After debuting on Saturday night, Manchester by the Sea quickly became the buzziest film at Sundance. When Amazon made an unprecedented $10 million dollar deal to sweep up distributing rights, the echo chamber only got louder. On the one hand, writer/director Kenneth Lonergan must welcome the fat paycheck with open arms. And yet, such a lofty price tag sets a certain sky-high expectation for the film before its even had a chance to digest in anyone’s tummies or see the light of day for most viewers. All finances aside, Manchester by the Sea is a emotionally resonant tearjerker/masterful character study with Casey Affleck stepping up to the plate to claim some majorly overdue attention.
On the surface, Manchester by the Sea shares a lot of similarities to other Sundance features, which at first glance make this spendy acquisition a touch questionable. Like some of its competitive compatriots, Manchester tells the story of a man who returns home to care for his family when illness strikes. A more Sundancey trope there may not be but what Manchester has over indies of its ilk is a crisp, potent combination of screenwriting prowess, directorial wisdom and an absolutely knockout central turn for star Casey Affleck.
Lonergan unwraps details at his pace, piecing together the time-jumping narrative with precision and manufacturing what we do and do not know from the get go with a great sense of care. He adopts a tendency to cut scenes short, often to well-timed comedic effect, or let them linger to horribly awkward lengths. Longergan knows that it’s usually the moments between big moments that define who we are and he’s always present for the afterglow when it serves character development. The handiwork is subtle but skillful; the craft of someone in fierce command of tone.
Affleck is Lee Chandler, an alienated custodian with a grim past, who gets a phone call that his brother Joe (Kyle Chandler) has suffered a severe cardiac incident. Before he can schlep the 90 minutes from Boston to Manchester, Joe has passed away, leaving son Patrick (Lucas Hedges) in his wake. Knowing that his days were numbered, Joe meticulously planned for the event, entrusting his estate and his son’s guardianship to his younger brother until Patrick is old enough to care for himself.
The responsibility overwhelms Lee almost immediately, who just by virtue of being back home has found himself even more withdrawn and miserable, like an animal with its foot locked in a trap. At times, Lee wills himself to find hope but ultimately finds himself looking through the shop window at doom and gloom and forcing himself at make a purchase. Some poison is eating Lee from the inside out and, getting back to the notion that Lonergan plays his hand flawlessly, getting to the juicy, heartbreaking center can be cripplingly melancholy but overwhelming affecting. When the emotionally cathartic epiphany strikes, sniffles race across the audience like The Wave at a baseball stadium.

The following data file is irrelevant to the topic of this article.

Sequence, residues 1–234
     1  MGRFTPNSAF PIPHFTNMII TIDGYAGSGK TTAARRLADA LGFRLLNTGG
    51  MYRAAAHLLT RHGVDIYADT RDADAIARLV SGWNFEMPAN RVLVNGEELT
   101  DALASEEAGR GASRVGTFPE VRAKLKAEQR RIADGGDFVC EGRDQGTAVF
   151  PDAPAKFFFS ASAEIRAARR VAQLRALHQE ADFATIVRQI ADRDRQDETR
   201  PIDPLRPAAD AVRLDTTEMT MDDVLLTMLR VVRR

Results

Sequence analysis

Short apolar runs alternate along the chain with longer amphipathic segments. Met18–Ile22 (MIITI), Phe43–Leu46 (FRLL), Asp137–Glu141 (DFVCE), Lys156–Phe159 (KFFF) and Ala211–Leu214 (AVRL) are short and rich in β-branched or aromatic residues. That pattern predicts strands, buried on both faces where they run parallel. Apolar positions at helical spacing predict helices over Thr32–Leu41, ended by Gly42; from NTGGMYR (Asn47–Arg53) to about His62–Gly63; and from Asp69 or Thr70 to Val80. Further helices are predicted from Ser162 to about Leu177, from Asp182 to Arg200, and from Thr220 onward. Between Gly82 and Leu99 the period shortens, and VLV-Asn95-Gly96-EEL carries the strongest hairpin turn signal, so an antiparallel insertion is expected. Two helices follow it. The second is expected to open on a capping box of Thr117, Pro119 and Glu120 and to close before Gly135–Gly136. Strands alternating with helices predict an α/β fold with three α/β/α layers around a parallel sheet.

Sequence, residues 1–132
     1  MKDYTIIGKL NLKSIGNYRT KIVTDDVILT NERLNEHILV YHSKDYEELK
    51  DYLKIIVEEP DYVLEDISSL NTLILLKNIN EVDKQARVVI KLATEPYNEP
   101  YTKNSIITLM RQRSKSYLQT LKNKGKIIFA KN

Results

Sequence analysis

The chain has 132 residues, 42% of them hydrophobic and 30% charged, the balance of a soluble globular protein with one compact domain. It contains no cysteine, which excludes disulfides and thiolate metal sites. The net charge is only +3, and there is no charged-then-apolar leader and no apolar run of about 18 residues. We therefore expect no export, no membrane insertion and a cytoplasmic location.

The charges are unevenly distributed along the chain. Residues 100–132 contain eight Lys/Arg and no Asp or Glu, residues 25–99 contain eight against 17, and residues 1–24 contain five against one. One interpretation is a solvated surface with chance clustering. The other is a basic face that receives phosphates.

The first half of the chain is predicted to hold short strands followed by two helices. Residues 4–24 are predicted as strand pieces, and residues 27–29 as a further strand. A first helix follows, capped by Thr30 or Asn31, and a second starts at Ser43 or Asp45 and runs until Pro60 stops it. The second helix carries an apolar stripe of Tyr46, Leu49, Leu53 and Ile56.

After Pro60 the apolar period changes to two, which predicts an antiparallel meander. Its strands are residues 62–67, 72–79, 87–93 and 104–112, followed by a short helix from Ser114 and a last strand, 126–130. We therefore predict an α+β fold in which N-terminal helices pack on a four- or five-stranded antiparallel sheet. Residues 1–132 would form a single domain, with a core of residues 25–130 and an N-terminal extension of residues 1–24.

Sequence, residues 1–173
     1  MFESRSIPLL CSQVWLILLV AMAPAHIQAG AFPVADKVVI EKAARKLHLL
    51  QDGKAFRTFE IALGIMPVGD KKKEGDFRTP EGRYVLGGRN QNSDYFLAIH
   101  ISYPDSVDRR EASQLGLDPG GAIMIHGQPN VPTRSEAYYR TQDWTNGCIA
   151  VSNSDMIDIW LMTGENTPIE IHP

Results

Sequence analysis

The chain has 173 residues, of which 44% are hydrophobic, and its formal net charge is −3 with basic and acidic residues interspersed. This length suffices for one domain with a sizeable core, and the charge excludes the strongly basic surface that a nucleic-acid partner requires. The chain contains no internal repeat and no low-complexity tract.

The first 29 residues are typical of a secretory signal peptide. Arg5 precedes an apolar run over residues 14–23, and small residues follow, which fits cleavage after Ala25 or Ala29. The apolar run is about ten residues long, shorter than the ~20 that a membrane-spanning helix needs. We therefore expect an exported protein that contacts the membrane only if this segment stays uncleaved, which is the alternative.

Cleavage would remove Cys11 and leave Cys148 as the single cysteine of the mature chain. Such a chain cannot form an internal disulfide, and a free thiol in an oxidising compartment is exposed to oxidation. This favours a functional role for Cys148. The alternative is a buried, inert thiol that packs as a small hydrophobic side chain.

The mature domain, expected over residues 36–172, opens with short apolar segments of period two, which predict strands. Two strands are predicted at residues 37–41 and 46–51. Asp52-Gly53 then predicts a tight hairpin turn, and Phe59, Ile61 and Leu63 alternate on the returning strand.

What follows is the intimate, unflinching story of these two spiraling souls; one drying his eyes and looking forward and the other utterly unable to peel from the past. The juxtaposition between the two characters makes for incredibly tender and deeply human moments and some damn, damn fine acting. Consider Hedges a name to watch. As Patrick, he’s very much in control, balancing resilience in amongst a pathological need to detach emotionally. He’s by no means a saintly character (in hockey practice, he’s needlessly aggressive on ice; he dates multiple girls at once) but he’s real, right down to his authentic Boston accent.
The star of the show is Affleck, who is nothing short of incredible as the wounded and antisocial Lee. Thinking back on certain elements of his performance threatens to make me misty-eyed just writing about it. For years the kid brother to Ben has displayed thespian skill well beyond his sibling and from The Assassination of Jesse James by the Coward Robert Ford (for which he earned a Best Supporting Actor nomination) to Out of the Furnace (a phenomenal but totally forgotten about role), Affleck has given one noteworthy turn after another. With Manchester, he’s stepped confidently out from the shadow of Ben and into the spotlight. His quiet dolor arrests and tranquilizes. You want to reach through the screen and give him a hug but you know he’d withdraw in self-disgust. To him, he’s not worth the hug. Cue the inevitable barking of the awards watchdogs.
And all this talk seems to give perspective to Amazon’s long game. Because if one were to make a hypothesis, it’s that Amazon is playing at the Oscar game. Most specifically, they want to be the first streaming service to hear their names announced on nomination day. Even more specifically, they want to beat Netflix to the punch. Manchester By the Sea might just do it for them – it should earn Affleck his first Lead Actor nomination at the Academy Awards and, if the release is handled properly, could be Best Picture material – but, if Beasts of No Nation is any warning sign, all the critical fanfare and artful merit in the world may not be enough to erase the stigma of entertainmentia streamia.
CONCLUSION: ‘Manchester By the Sea’ is a thoughtfully rendered, grief-loaded New England character study salt-washed in bathos and poised to break hearts. Writer/director Kenneth Lonergan masterful commands the drama while Casey Affleck gives the performance of his lifetime.